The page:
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K. Brownell, T. Rolheiser, M. Heath and G. Binsted

The authors examined if previously reported anatomical asymmetries between the upper (uVF) and lower visual fields (lVF) influence the preparation and control of visually and memory-guided reaching movements. To manipulate visual field, participants maintained their visual gaze on a cue position presented above or below the location of a target object, thus resulting in reaches completed in respective uVF and lVF of peripersonal. In Experiment 1, participants performed reaches to four targets with indices of difficulty ranging from 3.1 to 5.1 bits under five visualmemory conditions: full vision and memory-guided conditions entailing 0, 2, 5, and 10 s of delay. In Experiment 2, participants reached to the vertex of Müller-Lyer figures in 3 visual-memory conditions: full vision, and memory-guided conditions entailing 0, and 2 s of delay. In accord with duplex theories of vision (e.g., Milner & Goodale, 1992), it was hypothesized that the introduction of a visual delay and/or the introduction of context-dependent illusory structure would differentially bias the efficiency and effectiveness of uVF and lVF reaches. Although data displayed mixed supported for the existence of an lVF advantage for movement execution, neither the introduction of delay nor contextual illusions succeeded in differentiating visual fields. Thus, performance advantages for movements made in the lower visual field do not appear associated with preferential connections to parietal (i.e., dorsal-action) and temporal (i.e., ventral-perception) architectures.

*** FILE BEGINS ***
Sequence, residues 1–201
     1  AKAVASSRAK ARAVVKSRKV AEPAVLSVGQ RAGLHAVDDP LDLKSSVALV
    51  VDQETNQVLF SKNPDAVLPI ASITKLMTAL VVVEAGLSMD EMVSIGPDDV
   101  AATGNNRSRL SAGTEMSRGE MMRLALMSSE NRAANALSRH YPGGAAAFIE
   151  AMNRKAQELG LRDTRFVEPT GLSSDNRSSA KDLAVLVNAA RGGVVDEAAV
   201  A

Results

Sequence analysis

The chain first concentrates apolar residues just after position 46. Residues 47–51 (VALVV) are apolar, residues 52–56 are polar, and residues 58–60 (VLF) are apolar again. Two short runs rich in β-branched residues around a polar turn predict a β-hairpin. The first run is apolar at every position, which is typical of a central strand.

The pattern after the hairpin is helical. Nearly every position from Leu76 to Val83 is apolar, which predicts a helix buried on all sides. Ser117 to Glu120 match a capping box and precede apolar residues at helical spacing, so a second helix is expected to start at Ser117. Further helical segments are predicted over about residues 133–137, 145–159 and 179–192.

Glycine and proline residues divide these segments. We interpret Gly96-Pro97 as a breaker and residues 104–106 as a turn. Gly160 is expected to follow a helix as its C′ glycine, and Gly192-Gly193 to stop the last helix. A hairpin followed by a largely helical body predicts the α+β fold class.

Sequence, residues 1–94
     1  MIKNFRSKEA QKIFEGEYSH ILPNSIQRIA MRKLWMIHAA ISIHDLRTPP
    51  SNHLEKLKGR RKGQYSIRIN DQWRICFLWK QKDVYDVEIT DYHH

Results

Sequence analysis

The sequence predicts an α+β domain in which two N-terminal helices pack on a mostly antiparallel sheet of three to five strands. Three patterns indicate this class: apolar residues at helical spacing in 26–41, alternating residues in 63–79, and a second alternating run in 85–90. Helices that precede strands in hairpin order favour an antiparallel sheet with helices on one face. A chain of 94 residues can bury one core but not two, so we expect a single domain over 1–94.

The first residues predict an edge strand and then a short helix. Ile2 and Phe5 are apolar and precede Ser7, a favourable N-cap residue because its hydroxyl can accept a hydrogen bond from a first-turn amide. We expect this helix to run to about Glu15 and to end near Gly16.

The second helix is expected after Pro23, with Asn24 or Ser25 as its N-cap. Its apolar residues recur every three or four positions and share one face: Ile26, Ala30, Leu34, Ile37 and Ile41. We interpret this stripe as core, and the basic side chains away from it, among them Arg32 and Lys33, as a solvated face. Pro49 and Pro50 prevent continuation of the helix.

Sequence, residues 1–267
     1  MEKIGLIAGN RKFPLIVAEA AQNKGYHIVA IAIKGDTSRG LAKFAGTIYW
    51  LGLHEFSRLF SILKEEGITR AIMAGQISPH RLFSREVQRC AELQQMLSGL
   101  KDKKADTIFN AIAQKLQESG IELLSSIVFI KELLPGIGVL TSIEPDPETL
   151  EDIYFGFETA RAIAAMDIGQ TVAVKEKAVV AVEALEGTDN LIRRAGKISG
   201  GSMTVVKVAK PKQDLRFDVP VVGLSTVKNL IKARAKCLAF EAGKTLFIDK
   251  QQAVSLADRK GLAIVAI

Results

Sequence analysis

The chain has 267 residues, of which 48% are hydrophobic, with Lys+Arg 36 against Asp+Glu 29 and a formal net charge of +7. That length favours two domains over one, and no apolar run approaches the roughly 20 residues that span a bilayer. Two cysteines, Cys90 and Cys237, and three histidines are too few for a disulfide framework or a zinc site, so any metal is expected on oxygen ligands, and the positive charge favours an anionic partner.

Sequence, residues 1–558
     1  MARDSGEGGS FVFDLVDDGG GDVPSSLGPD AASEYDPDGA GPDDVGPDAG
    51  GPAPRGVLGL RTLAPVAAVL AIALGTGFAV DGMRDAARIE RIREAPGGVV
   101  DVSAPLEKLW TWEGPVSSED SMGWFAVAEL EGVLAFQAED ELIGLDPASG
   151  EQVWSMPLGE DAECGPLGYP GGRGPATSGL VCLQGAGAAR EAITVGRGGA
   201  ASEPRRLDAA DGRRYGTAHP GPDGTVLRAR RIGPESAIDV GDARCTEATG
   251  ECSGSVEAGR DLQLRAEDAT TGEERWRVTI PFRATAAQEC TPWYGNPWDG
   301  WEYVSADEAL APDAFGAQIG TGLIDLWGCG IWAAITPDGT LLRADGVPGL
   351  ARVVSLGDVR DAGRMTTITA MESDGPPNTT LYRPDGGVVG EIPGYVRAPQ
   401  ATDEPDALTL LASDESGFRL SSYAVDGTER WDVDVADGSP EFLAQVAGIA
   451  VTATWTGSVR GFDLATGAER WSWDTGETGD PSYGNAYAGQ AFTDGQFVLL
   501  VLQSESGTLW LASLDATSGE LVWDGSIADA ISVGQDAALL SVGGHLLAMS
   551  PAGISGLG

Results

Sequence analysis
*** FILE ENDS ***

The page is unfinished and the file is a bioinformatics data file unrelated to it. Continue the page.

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John de Grosbois and Luc Tremblay

Grosbois and Tremblay ( 2017 ) examined the performance of participants under blocked full-vision (FV), no-vision (NV), and memory-guided NV viewing conditions. Under the blocked condition presentation, participants were conceivably able to prepare their movements differently across conditions. The results

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Jennifer Campbell, Stephanie Rossit and Matthew Heath